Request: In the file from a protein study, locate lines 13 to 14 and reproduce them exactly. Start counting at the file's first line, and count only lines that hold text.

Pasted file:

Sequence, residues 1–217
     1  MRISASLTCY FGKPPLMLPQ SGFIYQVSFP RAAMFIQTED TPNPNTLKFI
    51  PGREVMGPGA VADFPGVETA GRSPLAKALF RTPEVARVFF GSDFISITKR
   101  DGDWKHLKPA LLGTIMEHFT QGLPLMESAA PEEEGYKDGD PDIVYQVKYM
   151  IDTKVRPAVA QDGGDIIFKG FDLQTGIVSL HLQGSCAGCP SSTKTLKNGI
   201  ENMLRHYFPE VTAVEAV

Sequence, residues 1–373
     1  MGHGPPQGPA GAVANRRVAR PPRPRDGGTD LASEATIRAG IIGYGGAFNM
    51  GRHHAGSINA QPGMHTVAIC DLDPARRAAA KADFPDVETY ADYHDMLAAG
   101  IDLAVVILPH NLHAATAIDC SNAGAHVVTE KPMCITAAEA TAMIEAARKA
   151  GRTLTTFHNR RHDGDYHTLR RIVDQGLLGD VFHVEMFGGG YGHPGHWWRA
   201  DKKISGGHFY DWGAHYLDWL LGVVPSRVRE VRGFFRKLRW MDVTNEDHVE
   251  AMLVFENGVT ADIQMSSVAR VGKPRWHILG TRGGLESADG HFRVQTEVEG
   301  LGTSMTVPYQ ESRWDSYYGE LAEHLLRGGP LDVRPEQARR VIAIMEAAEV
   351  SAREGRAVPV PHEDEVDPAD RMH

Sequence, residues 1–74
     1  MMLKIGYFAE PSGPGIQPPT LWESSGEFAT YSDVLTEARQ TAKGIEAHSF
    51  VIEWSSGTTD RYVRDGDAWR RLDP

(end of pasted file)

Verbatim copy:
   251  AMLVFENGVT ADIQMSSVAR VGKPRWHILG TRGGLESADG HFRVQTEVEG
   301  LGTSMTVPYQ ESRWDSYYGE LAEHLLRGGP LDVRPEQARR VIAIMEAAEV